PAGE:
“But meat commendeth us not to God,” &c.—1 Cor. 8:8–13.
“The things which the Gentiles sacrifice, they sacrifice to devils and not to God, and I would not that ye should have fellowship with devils. Ye cannot drink the cup of the Lord and the cup of devils: ye cannot be partakers of the Lord’s table and of the table of devils.”—1 Cor. 10:20, 21.
In the former of these passages the apostle presses the discontinuance of eating meats offered to idols as merely inexpedient; in the latter as absolutely unlawful. To account for this, it may be proper to observe that eating part of the sacrifices of the city, which might be provided at the public expense, had been the custom in all former times; and it was probably thought a hardship to be forbidden it. Some of the members of the church at Corinth proceeded so far as to resume their old stations at these public feasts; and justified themselves on the ground that they were not so ignorant as not to be able to distinguish between idolatry and good eating and drinking; they did not mean by it to do any honour to the idol, but merely to partake of the repast. Yet by their example many weaker brethren, who still retained the prejudices of their heathen education, were actually drawn into a superstitious veneration of the idol.—The thing also was in itself wrong, as it was having fellowship with the unfruitful works of darkness.
To remedy this evil, the apostle first reasons with them on their own principles. Be it so, as if he had said, that there is no evil in it, and that you by your superior knowledge (thus satirizing their vain pretences) can walk over these coals without being burnt; yet that is more than your weaker brethren can do. You make them sin, though you be sinless yourselves.—In this view he allows their conduct, for argument sake, to be lawful, but denies it to be expedient. But having thus proved the impropriety of their conduct, even upon their own principles, he proceeds to evince its utter unlawfulness; calling it “idolatry” chap. 10:14, and proving it to be so on this general principle—that he who voluntarily associates with others in any act is a partaker of that act. On this ground, says he, it is that in the Lord’s supper we hold professed communion with Christ; that those who among the Jews ate of the sacrifices partook of the altar; and, upon this ground, you cannot eat and drink things offered to idols without having fellowship with demons.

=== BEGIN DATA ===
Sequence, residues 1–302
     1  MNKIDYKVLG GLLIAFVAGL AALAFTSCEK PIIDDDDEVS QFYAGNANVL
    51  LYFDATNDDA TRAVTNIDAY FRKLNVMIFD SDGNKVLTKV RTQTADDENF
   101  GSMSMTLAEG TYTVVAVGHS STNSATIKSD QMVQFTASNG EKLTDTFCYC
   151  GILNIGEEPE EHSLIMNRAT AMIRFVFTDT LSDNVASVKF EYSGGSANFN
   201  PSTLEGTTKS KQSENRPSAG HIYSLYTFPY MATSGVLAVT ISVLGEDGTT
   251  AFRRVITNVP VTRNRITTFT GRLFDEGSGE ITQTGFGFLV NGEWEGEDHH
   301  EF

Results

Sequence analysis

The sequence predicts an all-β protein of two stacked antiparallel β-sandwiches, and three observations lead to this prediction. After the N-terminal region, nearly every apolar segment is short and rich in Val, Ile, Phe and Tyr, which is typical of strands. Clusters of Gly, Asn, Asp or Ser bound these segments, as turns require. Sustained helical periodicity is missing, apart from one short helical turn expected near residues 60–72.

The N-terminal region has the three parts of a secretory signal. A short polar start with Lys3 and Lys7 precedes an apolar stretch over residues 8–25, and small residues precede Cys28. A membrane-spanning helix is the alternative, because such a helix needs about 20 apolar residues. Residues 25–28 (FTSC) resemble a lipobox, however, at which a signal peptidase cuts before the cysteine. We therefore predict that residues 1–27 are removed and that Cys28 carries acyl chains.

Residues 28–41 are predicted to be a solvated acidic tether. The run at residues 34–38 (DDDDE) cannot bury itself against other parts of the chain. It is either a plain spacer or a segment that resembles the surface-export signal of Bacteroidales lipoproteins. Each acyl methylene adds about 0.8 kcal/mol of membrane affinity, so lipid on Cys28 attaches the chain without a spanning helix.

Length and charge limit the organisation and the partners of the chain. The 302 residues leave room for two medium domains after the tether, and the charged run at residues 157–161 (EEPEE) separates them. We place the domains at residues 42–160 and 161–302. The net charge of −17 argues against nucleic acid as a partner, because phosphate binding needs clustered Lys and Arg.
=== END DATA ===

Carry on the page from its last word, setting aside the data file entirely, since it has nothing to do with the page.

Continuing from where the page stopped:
Fuller, A. G. (1988). The Complete Works of Andrew Fuller: Memoirs, Sermons, Etc. (J. Belcher, Ed.) (Vol. 1, pp. 667–684). Harrisonburg, VA: Sprinkle Publications.